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Senate Comm. Endorses Efforts To Address Military Sexual Assaults; Editorials Criticize Removal of Key Provision

Senate Comm. Endorses Efforts To Address Military Sexual Assaults; Editorials Criticize Removal of Key Provision

June 13, 2013 — The Senate Armed Services Committee on Wednesday advanced provisions in a defense bill aimed at addressing sexual assault in the military, but lawmakers removed one measure that would have taken decisions about prosecuting sex crimes out of the chain of command, Reuters reports (Alexander, Reuters, 6/12).

The removed provision -- written by Senate Armed Services Personnel Subcommittee Chair Kirsten Gillibrand (D-N.Y.) -- would have allowed military prosecutors, rather than commanders, to decide which sexual assault cases to try, with the goal of encouraging more individuals to report crimes by reducing fear of retaliation.

The annual National Defense Authorization Act includes several other provision to address military sexual assaults, including measures that would limit commanders' ability to overturn guilty verdicts, bar them from considering the accused individual's character when making decisions on how to handle allegations and require them to immediately report the crimes to a military criminal investigations organization (Women's Health Policy Report, 6/12).

Alternative Proposal

To replace Gillibrand's provision, the committee voted 17-9 to approve a plan by Armed Services Committee Chair Carl Levin (D-Mich.) that would continue to allow commanders to make prosecution decisions but require a more senior military leader to review any allegations that are not pursued in court. Levin's proposal also would make it a crime to retaliate against individuals who report sexual assaults.

The alternative proposal is designed to address concerns from military leaders who oppose taking the decisions out of the chain of command.

Levin said that while the military has a "serious problem with sexual assault," he does "not support removing the authority of commanders to prosecute sexual assault cases and putting that decision in the hands of military lawyers outside of the chain of command" (Reuters, 6/12).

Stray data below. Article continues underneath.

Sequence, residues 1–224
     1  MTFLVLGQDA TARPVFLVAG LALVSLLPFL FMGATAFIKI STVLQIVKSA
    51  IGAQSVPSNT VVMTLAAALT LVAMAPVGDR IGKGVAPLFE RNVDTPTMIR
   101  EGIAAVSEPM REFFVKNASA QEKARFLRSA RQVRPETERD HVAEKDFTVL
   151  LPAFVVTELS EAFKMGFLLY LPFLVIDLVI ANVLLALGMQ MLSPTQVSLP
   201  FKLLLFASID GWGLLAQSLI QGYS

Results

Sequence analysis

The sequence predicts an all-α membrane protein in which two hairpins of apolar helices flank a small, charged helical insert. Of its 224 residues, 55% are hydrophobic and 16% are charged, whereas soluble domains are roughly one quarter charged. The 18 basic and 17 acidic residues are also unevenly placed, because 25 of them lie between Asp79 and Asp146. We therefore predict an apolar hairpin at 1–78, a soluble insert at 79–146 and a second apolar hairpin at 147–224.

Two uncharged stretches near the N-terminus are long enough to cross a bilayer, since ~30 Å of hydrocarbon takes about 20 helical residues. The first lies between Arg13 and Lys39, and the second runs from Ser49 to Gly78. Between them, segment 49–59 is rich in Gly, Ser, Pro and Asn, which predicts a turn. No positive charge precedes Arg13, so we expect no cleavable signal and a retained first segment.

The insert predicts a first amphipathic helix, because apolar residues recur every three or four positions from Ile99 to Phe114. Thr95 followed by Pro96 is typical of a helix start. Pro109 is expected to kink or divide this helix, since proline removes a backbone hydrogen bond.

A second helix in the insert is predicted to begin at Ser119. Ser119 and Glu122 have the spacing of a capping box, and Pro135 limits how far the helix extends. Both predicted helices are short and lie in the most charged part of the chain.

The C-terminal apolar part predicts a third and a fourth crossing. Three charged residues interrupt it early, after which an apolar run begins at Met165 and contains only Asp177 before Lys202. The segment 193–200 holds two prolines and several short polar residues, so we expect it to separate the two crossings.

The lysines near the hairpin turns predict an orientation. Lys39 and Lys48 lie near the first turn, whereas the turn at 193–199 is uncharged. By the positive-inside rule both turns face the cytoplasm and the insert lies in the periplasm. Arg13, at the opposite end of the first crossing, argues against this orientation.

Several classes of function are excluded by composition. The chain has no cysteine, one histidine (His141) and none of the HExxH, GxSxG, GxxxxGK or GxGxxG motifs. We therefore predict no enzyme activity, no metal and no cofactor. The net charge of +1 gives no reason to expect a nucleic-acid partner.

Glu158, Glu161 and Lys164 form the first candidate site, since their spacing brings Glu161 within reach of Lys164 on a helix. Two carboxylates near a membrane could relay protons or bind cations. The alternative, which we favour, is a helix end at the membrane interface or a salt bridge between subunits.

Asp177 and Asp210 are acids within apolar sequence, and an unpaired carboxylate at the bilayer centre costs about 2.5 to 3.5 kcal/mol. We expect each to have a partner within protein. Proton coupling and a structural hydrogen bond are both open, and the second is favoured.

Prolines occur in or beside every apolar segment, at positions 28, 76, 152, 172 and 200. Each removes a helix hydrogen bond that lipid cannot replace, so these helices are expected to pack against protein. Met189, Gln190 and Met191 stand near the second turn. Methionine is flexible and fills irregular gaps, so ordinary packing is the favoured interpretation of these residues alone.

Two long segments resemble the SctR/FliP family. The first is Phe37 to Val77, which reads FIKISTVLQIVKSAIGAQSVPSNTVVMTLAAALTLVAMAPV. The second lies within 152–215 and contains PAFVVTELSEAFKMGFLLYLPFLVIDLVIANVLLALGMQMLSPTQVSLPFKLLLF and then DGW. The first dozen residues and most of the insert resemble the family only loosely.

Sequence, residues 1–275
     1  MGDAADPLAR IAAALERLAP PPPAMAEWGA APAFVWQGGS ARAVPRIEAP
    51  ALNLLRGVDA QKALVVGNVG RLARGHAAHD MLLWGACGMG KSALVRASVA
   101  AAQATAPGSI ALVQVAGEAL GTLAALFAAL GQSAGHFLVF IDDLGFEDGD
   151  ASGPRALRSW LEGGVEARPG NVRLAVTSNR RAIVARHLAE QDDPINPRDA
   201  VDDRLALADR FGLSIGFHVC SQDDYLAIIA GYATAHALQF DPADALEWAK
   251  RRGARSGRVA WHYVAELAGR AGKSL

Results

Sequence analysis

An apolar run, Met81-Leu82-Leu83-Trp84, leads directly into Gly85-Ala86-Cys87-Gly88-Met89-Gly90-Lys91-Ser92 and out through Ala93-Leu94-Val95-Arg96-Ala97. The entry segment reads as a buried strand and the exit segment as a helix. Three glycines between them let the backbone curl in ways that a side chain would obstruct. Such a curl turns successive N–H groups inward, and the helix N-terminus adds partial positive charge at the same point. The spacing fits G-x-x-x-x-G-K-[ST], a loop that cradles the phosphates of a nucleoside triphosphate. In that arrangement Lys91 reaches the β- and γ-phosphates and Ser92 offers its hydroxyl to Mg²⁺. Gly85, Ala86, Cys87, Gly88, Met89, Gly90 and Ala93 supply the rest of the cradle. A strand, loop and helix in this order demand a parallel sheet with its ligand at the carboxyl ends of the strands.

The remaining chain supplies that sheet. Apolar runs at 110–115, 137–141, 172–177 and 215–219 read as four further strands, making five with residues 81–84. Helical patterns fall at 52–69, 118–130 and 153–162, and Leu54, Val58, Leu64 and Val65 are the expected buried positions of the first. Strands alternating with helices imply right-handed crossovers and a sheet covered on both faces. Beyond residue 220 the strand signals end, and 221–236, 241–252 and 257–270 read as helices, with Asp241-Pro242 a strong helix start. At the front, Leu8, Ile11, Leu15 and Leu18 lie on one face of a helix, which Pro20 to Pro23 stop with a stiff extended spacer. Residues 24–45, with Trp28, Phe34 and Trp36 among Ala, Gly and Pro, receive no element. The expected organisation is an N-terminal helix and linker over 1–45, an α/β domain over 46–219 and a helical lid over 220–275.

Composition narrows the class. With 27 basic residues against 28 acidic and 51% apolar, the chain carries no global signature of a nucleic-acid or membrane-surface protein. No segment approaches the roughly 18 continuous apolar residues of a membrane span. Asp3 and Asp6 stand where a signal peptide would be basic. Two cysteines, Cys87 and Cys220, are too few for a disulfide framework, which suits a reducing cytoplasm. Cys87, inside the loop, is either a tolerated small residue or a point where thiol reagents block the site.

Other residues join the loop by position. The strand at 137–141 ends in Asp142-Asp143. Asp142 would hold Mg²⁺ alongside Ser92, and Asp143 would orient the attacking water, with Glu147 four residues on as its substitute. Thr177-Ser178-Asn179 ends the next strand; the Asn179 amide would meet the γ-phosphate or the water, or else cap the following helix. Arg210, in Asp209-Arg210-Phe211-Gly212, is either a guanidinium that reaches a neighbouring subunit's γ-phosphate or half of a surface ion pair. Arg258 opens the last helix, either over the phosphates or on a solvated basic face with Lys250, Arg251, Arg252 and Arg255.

Gillibrand in a statement said she is "deeply disappointed" but noted that the sexual assault provisions the committee did approve are still "significant steps forward" (Mak, Politico, 6/12).

Editorials Comment on Military Sexual Assaults

The New York Times and USA Today published editorials criticizing the committee's decision to replace Gillibrand's proposal. Summaries are below.

~ New York Times: "The spate of alarming incidents in recent months underscoring the depth of the military's sexual assault problem did not dissuade [Levin] from killing the most promising corrective on the table," a Times editorial states, adding, "It is distressing that two decades of scandals could not persuade Mr. Levin to budge from his decision to support the military brass." The editorial continues that Gillibrand "has done a diligent job of building a bipartisan coalition pressing for more sweeping change, and further debate about the sexual assault problem and its solutions can help strengthen the result when the Senate negotiates a final bill with the House" (New York Times, 6/12).

~ USA Today: The editorial criticizes the committee for "scuttl[ing] a measure that would have drastically changed military law by taking the decision of whether to prosecute major crimes, including sexual assaults, away from commanders and placing them in the hands of professional military prosecutors." It notes, "The problem is not only that some commanders fail to prosecute the cases brought to them, but that the whole chain of command is seen as so hostile, most victims refuse to report allegations," adding, "Only an essential change in the system can break this appalling cycle" (USA Today, 6/12).